Am I happy as a CODER?

Code is more than just ones and zeroes. Code is a creative process that lets you express yourself, reach other people, generate art, and make stuff in new ways every day.

Before I go further, if you choose to classify yourself, don’t think I’m saying one is better than another. Programmer and Coder are two different things. But they do have an interdependent connection.

Me? I am a programmer.

I can’t say, “I am a programmer, not a coder”, however. Why? One is a subset of the other.

It’s complicated, but there does seem to be some evidence that the more negative a person feels, the better their problem-solving performance is. Feeling bad, however, has a detrimental effect on productivity and motivation, while good emotions push you forward and make you slightly more creative. Way to go? Flow and more research.

The room is dim and silent. The person sitting at the desk is only visible because of the faint light given off by a couple of large screens. Half-empty mugs are uninterested witnesses of the creative process. Behold—a programmer at work.

However magical feats of software programming may seem, especially to a layperson’s eye, programming, just like creative writing, playing chess, or painting, is yet another complex cognitive activity that can be studied by psychology. And there are indeed people who focus their work on what is called human factors in software development: moods, emotions, preferences, and their effects on the quality of devs’ work.

So what is software engineering to a psychologist? A complex skill that requires two different capabilities: creativity and analytical problem-solving. To be successful and write great code, programmers need to be able both to generate many good ideas and to get to the point—find the solution, or at least one that works.

So there we have it: Being creative and solving complex problems fast and for good is what will make you a great developer. But are those qualities stable over time? What may improve the results and what has the potential to damage them? Or, as one could ask, do happy cows give more milk? Or are angry programmers the best programmers?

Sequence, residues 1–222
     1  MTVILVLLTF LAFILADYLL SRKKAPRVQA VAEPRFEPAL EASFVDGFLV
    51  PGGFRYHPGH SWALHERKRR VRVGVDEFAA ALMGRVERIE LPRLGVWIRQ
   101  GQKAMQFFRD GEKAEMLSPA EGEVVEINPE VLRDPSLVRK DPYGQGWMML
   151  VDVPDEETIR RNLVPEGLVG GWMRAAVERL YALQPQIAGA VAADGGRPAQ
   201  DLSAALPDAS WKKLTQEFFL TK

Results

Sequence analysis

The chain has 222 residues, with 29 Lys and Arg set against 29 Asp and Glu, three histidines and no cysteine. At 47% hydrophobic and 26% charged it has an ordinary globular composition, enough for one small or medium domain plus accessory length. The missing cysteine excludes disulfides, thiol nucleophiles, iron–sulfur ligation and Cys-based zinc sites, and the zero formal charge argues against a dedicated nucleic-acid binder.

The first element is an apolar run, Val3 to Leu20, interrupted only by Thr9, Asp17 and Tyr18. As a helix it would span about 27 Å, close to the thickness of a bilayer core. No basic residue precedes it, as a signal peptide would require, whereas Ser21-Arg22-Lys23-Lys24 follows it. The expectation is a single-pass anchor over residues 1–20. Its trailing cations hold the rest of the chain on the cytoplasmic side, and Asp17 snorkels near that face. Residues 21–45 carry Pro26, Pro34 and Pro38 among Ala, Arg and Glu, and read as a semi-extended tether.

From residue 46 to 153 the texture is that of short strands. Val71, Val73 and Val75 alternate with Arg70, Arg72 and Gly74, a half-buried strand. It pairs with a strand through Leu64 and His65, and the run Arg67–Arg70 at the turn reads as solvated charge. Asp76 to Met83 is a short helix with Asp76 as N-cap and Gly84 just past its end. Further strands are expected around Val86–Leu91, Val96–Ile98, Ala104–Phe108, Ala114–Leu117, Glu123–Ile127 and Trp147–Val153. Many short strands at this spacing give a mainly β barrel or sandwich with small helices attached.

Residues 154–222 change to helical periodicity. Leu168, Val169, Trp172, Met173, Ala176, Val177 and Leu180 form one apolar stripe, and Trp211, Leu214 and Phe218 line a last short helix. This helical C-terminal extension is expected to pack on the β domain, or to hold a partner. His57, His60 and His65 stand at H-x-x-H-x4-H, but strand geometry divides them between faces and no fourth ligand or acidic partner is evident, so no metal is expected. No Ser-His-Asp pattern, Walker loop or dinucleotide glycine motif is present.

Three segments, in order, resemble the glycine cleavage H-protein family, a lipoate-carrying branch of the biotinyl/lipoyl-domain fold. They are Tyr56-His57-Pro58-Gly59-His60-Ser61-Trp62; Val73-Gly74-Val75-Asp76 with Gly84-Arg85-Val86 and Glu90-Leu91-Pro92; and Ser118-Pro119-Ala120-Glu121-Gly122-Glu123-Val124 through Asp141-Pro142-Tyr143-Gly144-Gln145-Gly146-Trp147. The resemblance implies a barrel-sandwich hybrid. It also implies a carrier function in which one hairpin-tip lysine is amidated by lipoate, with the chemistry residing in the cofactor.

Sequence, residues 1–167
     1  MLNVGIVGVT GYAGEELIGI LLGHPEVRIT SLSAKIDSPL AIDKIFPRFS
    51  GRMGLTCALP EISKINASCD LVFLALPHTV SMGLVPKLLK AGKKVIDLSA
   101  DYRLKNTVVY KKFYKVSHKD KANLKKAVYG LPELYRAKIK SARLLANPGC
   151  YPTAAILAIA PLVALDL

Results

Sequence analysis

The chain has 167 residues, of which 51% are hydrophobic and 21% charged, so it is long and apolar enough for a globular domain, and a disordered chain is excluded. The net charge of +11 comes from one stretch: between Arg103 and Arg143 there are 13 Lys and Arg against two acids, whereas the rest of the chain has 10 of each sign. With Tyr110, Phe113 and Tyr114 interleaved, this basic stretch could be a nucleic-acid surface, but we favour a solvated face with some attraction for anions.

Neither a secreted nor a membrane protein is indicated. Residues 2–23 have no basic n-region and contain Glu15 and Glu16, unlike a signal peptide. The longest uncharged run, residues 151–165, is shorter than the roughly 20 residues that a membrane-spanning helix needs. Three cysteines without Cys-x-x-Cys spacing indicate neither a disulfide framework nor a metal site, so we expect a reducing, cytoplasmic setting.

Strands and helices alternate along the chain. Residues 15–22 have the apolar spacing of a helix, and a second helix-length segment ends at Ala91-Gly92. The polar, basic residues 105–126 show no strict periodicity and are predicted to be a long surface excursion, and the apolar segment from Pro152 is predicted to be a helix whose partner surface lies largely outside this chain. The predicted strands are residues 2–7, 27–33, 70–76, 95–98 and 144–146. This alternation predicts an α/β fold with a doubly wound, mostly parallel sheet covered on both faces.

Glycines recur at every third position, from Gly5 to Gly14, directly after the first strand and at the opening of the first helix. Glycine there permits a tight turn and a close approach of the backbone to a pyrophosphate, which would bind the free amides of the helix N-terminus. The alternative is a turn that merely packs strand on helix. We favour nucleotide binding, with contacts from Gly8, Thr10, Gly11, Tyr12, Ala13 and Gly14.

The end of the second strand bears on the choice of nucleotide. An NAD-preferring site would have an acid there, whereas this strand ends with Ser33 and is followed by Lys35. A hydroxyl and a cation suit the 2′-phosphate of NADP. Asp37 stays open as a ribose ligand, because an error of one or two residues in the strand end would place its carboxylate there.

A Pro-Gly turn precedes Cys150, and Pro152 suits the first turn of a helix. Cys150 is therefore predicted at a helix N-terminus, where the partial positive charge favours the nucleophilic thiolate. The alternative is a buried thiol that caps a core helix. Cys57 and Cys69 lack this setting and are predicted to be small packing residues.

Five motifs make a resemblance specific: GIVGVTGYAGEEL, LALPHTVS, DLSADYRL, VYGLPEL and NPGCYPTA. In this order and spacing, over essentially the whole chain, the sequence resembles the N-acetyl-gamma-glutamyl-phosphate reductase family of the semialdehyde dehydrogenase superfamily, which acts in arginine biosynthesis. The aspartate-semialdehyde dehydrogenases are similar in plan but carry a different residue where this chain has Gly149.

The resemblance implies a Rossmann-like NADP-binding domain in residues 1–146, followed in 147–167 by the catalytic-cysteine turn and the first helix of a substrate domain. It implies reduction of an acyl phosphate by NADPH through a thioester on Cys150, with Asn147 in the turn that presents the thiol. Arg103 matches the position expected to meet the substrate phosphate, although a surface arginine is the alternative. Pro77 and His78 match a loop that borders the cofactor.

As a self-taught developer I had to learn by watching tutorials and straight up coding. Watching tutorials can be deceptive. Yes, following through the tutorial for some implementation will help you get the work done, but a common mistake that we beginners can make (or at least that I made) is to just copy whatever the instructor is coding without understanding what the program actually does. Make sure you understand what’s happening, and if you don’t, go deeper and start reading and learning about that method or class that you wrote but have no idea what it actually does. When the time comes that you need to implement something similar, you will know how to do it, how it works, and now you will be able to explore other options and compare them to choose the one that makes your code better in every aspect.

Programming is no magic. It is a complex skill like any others. In theory, psychologists should have something to say about it. And… they do. I’ve gone through a couple of studies that try to deconstruct the magic of emotions and moods affecting coding performance and I’m ready to share the outcome.

“Progress is possible only if we train ourselves to think about programs without thinking of them as pieces of executable code.”

So does being happy make you better at coding or does coding make you happier?

The short and somewhat technical answer is:

It’s complicated, but there does seem to be some evidence that the more negative a person feels, the better their problem-solving performance is. Feeling bad, however, has a detrimental effect on productivity and motivation, while good emotions push you forward and make you slightly more creative. Way to go? Flow and more research.

As developers, it’s easy to withdraw into our own world. It’s often a reclusive profession, and without even trying, we can have very little interaction with others. But humans are social creatures. We get married and have kids, we go to church, the community center, or the gym. We do these things because when we interact with others, it makes our world better, and it makes us better.

As engineers, we live in a highly technical environment so we think that gives us a pass on virtues like love, compassion, and empathy. No such luck! We are humans, not computers, and just because we program them doesn’t mean we should think like them. Look for opportunities in your work to cultivate old fashioned values like love, compassion, humor, and loyalty.

Author:

|| Engineering Student || Blogger || Visual Artists || Writer || Composer ||

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